1) The world will be struggling with deflation instead of inflation?
2) US employment and housing experience another leg down?
3) China disappoints?
4) An Eastern European country defaults?
5) The US is on track to at least muddle through better than Europe?
…well, it might mean:
1) Commodities prices are “way” overvalued
2) Emerging stock markets are “way” overvalued
3) Long bonds are “way” undervalued
4) The US dollar is “way” undervalued
And another rational poster on the state of the dollar is Mish, http://globaleconomicanalysis.blogspot.com/2009/06/speculative-bets-against-dollar-highest.html
And the dollar has rallied since his post.
There is a greater than 50% chance per the futures market the fed raises rates by 50 basis points. US 30 year T bonds are now nearly 5%, the 5 years are near 3%, and the 2 years at 1.4%.
So PBR is undervalued when using the 2 year, fairly valued with the 5 year, and way overvalued with the 30 year.
PBR's valuation right now is close to the yield of 30 year T bonds. The bulls argue that it should be valued higher because of earnings growth. I would point out there is no guarantee of that happening. Earnings can stagnate or go lower.
Nonetheless, the pro-inflation, anti-dollar trend, which IMO was never based on anything other than fear mongering and money shifting, looks like it is reversing. That means short term PBR will likely fall.
<<No ma, we ain’t gonna have no inflation! >> LOL
Funny how we conveniently forget that it often takes two to finance a households living expenses now.
Will it be three soon?
Another day of green across the board in my portfolio. Big picture, I see a rotation coming from materials and financials into tech, which, despite the numbers, feels like it's trailed. I am positioned accordingly.
1) The world will be struggling with deflation instead of inflation? WON'T HAPPEN AS GROWTH IN EMERGING MARKETS WILL KEEP DEMAND SOLID FOR MOST COMMODITIES AND, INCREASINGLY, SERVICES. CHINA HAS HELPED SQUEEZE THE COSTS OUT OF MANY, MANY MANUFACTURED GOODS... IF PRICES DECLINE MUCH MORE, WE'LL LOSE PRODUCERS AND PRICES WILL STABILIZE AT A NEW EQUALIBRIUM BETWEEN DEMAND AND SUPPLY.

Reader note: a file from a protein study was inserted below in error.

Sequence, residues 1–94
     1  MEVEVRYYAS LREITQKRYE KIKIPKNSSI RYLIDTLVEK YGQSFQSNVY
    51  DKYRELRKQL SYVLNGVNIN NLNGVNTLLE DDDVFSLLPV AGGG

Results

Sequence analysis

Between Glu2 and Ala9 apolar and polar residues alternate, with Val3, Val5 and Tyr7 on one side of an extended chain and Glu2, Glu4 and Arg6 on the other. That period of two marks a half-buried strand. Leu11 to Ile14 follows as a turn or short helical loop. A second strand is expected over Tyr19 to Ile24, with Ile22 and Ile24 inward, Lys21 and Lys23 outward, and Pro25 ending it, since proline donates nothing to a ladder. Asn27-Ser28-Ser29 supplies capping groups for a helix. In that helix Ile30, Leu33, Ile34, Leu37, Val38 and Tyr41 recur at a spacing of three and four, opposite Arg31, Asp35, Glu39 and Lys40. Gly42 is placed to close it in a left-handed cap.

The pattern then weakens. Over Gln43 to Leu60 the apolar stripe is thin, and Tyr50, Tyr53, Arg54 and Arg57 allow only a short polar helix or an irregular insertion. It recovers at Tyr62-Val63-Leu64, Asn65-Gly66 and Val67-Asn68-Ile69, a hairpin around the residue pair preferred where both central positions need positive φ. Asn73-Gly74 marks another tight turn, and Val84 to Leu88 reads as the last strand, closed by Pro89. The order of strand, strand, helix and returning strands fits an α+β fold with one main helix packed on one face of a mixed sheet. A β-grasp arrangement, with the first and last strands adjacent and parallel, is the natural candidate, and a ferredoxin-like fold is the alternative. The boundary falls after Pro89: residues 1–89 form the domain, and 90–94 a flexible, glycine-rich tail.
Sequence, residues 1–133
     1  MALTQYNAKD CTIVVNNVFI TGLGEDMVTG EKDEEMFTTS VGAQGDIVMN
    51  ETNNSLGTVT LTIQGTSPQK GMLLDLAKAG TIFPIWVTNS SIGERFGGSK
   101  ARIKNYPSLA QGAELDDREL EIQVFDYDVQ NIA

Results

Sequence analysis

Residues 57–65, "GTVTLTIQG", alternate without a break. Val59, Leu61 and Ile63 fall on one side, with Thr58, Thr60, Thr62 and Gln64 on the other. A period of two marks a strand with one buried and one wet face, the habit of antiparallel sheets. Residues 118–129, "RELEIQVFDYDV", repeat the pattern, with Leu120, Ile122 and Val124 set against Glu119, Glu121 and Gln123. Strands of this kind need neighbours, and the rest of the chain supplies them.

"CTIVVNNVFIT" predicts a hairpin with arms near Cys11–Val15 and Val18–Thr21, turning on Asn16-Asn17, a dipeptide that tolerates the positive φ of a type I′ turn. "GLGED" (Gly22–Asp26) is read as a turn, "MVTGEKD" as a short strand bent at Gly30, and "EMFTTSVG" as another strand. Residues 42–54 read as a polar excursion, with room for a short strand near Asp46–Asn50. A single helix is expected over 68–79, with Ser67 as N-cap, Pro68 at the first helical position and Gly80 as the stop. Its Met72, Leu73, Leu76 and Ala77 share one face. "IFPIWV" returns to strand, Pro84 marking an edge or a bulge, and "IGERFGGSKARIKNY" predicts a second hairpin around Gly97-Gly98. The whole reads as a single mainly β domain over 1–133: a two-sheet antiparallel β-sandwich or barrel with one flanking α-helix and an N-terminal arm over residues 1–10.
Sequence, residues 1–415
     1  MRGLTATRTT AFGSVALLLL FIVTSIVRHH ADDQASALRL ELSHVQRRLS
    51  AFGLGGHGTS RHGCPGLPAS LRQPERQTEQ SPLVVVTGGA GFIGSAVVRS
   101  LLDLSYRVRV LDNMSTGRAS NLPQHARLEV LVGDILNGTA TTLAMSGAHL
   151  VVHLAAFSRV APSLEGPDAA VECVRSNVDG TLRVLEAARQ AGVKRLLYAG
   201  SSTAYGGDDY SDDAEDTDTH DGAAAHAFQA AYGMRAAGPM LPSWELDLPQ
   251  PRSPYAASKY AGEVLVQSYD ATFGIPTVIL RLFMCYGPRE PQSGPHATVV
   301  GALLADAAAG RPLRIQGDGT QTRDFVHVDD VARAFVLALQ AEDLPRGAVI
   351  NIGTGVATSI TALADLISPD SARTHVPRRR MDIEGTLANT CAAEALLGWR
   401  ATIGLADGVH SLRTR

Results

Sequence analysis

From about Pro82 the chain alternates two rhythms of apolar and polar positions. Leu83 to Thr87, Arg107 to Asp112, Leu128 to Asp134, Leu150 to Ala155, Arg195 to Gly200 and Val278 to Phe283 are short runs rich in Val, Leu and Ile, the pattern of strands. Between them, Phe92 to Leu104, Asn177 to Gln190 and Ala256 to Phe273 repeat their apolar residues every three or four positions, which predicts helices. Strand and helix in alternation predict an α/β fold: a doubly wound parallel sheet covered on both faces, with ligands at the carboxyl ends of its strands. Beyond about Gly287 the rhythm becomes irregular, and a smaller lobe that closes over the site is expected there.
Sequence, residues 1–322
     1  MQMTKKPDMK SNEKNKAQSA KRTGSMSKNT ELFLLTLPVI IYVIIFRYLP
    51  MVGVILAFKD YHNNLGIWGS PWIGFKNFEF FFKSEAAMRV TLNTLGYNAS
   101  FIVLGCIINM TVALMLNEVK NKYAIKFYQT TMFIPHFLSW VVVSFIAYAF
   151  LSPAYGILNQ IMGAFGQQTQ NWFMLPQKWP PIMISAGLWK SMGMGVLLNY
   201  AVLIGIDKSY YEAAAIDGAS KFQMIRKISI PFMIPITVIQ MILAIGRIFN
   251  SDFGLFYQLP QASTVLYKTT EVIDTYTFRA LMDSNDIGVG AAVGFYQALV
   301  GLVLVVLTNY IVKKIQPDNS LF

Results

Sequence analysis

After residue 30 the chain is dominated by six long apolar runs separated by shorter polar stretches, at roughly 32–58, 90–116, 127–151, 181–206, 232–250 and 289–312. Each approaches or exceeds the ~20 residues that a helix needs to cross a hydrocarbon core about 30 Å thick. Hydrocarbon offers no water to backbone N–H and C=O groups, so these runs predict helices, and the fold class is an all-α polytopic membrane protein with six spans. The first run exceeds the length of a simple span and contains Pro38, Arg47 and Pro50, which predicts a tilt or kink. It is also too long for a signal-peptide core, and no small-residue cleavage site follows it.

2) US employment and housing experience another leg down? COULD HAPPEN... EMPLOYMENT WILL CONTINUE TO ERODE UNLESS THE DOLLAR WEAKENS SIGNIFICANTLY AND/OR AMERICAN PRODUCTIVITY INCREASES SIGNIFICANTLY. HOUSING WILL REMAIN WEAK FOR YEARS.
3) China disappoints? MAYBE, BUT THEY HAVE DEEP POCKETS AND BIG AMBITIONS... MY MONEY SAYS CHINA CONTINUES TO GROW RAPIDLY FOR ANOTHER 5-10 YEARS. ALSO, INDIA, BRAZIL, RUSSIA, INDONESIA, ETC. A LOT OF PEOPLE HAVE BEEN LEFT OUT. fOR THEM, THE PARTY IS JUST GETTING STARTED
4) An Eastern European country defaults? LIMITED FALL-OUT. THE GLOBAL SYSTEM IS NOW PREPARED FOR, AND INCREASINGLY EXPERT AT DEALING WITH, THIS KIND OF THING. ANYBODY REMEMBER THE BANKRUPTCY OF ICELAND... NO.
5) The US is on track to at least muddle through better than Europe? HAS BEEN AND WILL CONTINUE BE. THE PURITAN ETHIC AND THE SPIRIT OF CAPITALISM WILL CONTINUE TO FORGE THE AMERICAN CHARACTER AND ECONOMY WHILE EUROPE CONTINUES TO DABBLE WITH STATE-ISM. GERMANY IS THE EXCEPTION; THE MOST TIGHT-FISTED OF THE ECONOMIES AFFECTED BY THE CRISIS... THEY COULD EMERGE MUCH STRONGER SINCE THEY ARE NOT ALLOWING STATE COFFERS TO RESCUE STUPID BANKS/EXECUTIVES/CREDITORS/SHAREHOLDERS.
The sky has still not fallen... again
The Q&A was written by a seasoned currency trader who if you read between the lines is pro-dollar.